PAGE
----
Recent...

 The Inhumanist Manifesto: Extended Play (Techne Lab, 2017)

'The Inhumanist Manifesto', Media Theory, Vol. 1, No.1, 2017.

The Uberfication of the University (Open access Forerunners series version available here; as of April 4 2017 an interactive Manifold series version is available here.)

Públicos Fantasma - La Naturaleza Política Del Libro - La Red (Mexico: Taller de Ediciones Económicas, 2016) - new book, co-authored with Andrew Murphie, Janneke Adema and Alessandro Ludovico. 

'Posthumanities: The Dark Side of "The Dark Side of the Digital"' (with Janneke Adema), in Janneke Adema and Gary Hall, eds, Disrupting the Humanities: Towards Posthumanities, Journal of Electronic PublishingVol. 9, No.2, Winter, 2016.

Open Access

Most of Gary's work is freely available to read and download either here in Media Gifts or in Coventry University's online repository CURVE here 

Radical Open Access 

performative project Janneke Adema has put together, based on our ‘The Political Nature of the Book: On Artists’ Books and Radical Open Access’ article for New Formations, Number 78, Summer, 2013. 

'What Does Academia.edu's Success Mean for Open Access: The Data-Driven World of Search Engines and Social Networking', Ctrl-Z: New Media Philosophy, no.5, 2015.

« Photomediations: A Call for Creative Works | Main | Performing the Humanities @ 24 fps: Part 1 »
Sunday
Nov012015

Performing the Humanities @ 24 fps: Part 2

This is the second part of an interview conducted and filmed by the artist Stelarc for the Alternate Anatomies Lab at Curtin University, Perth, Australia. The first part of the interview is available here. Other interviews in the series are available on the website of the Alternate Anatomies Lab here.

Performing the Humanities @ 24 fps also appears in Photomediations Machine, December 3. It is from the Photomediations Machine version that the text bewlow has been taken. 


In a 1980 interview with Le Monde, published as ‘The Masked Philosopher’, the French philosopher Michel Foucault insists on remaining anonymous. He does so, he says, out of his ‘nostalgia for a time when, being quite unknown, what I said had some chance of being heard… The effects of the book might land in unexpected places and form shapes that I had never thought of. A name makes reading too easy’. Foucault proceeds to propose a game: ‘that of the “year without a name”. For a year, books would be published without their authors’ names. The critics would have to cope with a mass of entirely anonymous books.’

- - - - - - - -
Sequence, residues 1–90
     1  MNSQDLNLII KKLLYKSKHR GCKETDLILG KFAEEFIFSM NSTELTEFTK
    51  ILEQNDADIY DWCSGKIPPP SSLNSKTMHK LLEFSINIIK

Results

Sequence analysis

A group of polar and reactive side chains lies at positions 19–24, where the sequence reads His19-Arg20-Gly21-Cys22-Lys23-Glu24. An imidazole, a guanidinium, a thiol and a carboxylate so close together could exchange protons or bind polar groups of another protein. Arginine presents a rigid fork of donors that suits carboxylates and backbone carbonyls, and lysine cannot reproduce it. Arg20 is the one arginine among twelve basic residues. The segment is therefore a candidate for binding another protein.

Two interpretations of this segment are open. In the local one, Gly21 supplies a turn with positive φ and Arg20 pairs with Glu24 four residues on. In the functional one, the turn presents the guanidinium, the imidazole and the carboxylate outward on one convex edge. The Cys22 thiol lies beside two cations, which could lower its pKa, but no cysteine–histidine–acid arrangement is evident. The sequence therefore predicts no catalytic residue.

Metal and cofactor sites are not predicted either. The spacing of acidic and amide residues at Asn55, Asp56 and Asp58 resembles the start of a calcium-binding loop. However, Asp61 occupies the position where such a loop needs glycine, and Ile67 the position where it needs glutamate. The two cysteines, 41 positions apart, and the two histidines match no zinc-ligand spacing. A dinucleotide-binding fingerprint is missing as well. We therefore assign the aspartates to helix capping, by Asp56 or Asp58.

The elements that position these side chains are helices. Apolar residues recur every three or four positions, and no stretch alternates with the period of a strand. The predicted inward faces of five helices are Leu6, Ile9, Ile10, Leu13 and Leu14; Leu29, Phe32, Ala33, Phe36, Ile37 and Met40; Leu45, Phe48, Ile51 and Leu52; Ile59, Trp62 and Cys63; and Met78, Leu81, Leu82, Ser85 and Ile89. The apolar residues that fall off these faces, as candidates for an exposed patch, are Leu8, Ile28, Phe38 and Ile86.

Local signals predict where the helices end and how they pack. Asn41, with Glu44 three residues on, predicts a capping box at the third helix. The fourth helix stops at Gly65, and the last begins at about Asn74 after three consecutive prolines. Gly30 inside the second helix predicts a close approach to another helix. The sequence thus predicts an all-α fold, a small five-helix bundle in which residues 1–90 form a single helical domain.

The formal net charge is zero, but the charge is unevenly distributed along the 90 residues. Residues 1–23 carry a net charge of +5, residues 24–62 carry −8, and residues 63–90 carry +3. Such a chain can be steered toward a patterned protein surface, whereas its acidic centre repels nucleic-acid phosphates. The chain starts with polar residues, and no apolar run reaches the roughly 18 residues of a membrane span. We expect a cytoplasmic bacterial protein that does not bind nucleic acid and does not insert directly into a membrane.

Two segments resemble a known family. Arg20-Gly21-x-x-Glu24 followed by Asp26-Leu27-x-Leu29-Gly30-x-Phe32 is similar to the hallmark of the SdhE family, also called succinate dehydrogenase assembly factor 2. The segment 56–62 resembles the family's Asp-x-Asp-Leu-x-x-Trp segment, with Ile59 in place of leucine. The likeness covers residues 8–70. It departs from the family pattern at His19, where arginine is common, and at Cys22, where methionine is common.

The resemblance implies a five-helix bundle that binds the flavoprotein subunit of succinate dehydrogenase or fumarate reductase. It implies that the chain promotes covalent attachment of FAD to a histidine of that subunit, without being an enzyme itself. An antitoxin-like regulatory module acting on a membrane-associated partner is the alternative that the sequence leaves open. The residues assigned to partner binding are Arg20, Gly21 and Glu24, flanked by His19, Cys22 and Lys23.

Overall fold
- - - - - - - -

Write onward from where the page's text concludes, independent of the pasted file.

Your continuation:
In Performing the Humanities @ 24 fps, an interview conducted in May 2015 by the performance artist Stelarc, Gary Hall discusses some of the projects he is involved with that are exploring how media theorists can make their own work less easy to read, hoping that it might ‘land in unexpected places’. These performative projects, or ‘media gifts’, as he calls them – some of which are indeed published anonymously – include Culture Machine (and its sister project Photomediations Machine), Open Humanities Press, Media Gifts, the Liquid and Living Books series, and Pirate Philosophy.

A major influence on Hall’s thinking in this respect is Marshal McLuhan’s Gutenberg Galaxy, especially the idea that the development of the print book and the related requirement for closed-off spaces in which having time to read and study played a fundamental role in the emergence of modern subjectivity, along with the associated notions of the rational liberal individual, linear thought, critical reflection, and the distinction between public and private. But what if, with the development of social and mobile media, predictive computing, algorithmic surveillance and the cloud, we are now moving into a post-Gutenberg world?, asks Hall. To what extent can we understand this world, and our place within it, by continuing to act as if we are still living in the Gutenberg Galaxy of the traditional humanities, replete with its emphasis on the importance on the book, privacy, and the rational, liberal subject? For example, how can we understand and theorize photography and film in the era of open source content streaming apps such as Popcorn Time, and self-organized online libraries such as Library Genesis? What implications do these projects have for our inherited ideas of the ‘named’ proprietary author, individual and individualised humanist subject, fixed and finished object, copyright, etc.? Why do we still insist on writing commercially copyrighted, linearly organized, print-on-paper codex books and journal articles about them? Can the humanities be performed and enacted otherwise?

This interview was originally published on the website of the Alternate Anatomies Lab at Curtin University. We are grateful to the Lab and to Stelarc for permission to reuse it.

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